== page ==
This type of transparent, methodical, and incremental upgrade cycle is the future of software. If you want to see another example, take a look at Zoho, an online productivity suite that offers an alternative to both Microsoft Office and Google Docs. Zoho pushes out new features, fixes, and updates on a continual basis. In fact, for some products there are Zoho updates as often as once a week.

This is not a matter of resources. Zoho has a very small team. Meanwhile, Canonical only has about 300 employees in the whole company (as well as its volunteer army of open source contributors). This is a matter of focus, priorities, and leadership. The successful software and Web companies of the next decade will learn this lesson well.

Also read: I'm not breaking up with Windows, but we're seeing other people Subscribe in one click: TechRepublic's Linux newsletter

About

Jason Hiner is Editor in Chief of TechRepublic and Long Form Editor of ZDNet. He writes about the people, products, and ideas changing how we live and work in the 21st century. He's co-author of the upcoming book, Follow the Geeks (bit.ly/ftgeeks).

152 comments
jefmud
jefmud

Thanks Jason for calling attention to the amazing work over there and kudos to the community of supporters. The fanboys may disagree, but the "big-2" could learn a little from their best-practices approach.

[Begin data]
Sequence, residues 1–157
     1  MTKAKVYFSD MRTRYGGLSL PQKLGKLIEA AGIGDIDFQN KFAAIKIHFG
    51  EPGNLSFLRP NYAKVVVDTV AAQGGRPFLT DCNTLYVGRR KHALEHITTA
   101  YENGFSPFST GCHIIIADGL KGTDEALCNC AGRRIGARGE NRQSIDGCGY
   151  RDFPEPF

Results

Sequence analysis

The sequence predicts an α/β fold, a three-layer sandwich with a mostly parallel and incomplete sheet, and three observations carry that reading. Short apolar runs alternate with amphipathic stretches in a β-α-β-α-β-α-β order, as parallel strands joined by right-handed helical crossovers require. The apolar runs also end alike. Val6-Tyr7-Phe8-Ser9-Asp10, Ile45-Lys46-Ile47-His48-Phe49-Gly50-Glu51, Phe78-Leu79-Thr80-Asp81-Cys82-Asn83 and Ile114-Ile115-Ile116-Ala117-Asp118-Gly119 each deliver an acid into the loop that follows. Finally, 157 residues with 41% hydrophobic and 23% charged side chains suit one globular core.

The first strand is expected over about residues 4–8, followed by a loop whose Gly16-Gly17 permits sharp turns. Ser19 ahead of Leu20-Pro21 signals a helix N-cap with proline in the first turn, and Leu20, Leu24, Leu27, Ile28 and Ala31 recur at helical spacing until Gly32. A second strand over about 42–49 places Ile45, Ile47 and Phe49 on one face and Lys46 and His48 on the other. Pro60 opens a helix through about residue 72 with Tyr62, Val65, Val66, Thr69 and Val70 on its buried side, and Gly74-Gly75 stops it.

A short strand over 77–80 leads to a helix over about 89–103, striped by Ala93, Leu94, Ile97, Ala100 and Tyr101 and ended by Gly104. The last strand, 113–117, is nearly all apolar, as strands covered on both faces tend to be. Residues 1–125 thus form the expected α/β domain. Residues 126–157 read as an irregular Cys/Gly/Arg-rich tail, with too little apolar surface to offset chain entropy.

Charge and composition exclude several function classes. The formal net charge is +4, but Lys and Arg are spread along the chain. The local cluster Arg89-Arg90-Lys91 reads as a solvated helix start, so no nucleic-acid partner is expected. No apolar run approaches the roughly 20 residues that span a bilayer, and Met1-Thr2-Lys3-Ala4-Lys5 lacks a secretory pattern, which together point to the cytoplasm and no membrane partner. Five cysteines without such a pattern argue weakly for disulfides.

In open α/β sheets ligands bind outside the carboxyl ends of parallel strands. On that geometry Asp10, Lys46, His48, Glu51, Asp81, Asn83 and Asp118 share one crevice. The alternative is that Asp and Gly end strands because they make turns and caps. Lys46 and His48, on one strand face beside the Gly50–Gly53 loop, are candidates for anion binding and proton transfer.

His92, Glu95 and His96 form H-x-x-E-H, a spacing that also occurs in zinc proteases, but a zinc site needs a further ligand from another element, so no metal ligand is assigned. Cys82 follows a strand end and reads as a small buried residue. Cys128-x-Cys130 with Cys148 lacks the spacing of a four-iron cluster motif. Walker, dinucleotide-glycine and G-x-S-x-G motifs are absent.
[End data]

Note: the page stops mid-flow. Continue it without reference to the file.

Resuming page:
The 'G-Man.'
The 'G-Man.'

If MS or Apple came up with a release schedule like that everybody would hit the roof, you included.

aspir8or
aspir8or

On my MS Windows wish-list for years. Once you've gotten used to multiple desktops in Linux, it's a real PITA going back to an incredibly cluttered taskbar if you have a lot of apps/windows open at once, though Win7 has started address this problem. There are some apps available that create virtual desktops, but most are too flaky, and the one I have found that works for me (Dexpot - www.dexpot.de) is incredibly and unnecessarily complicated to set up.

tor
tor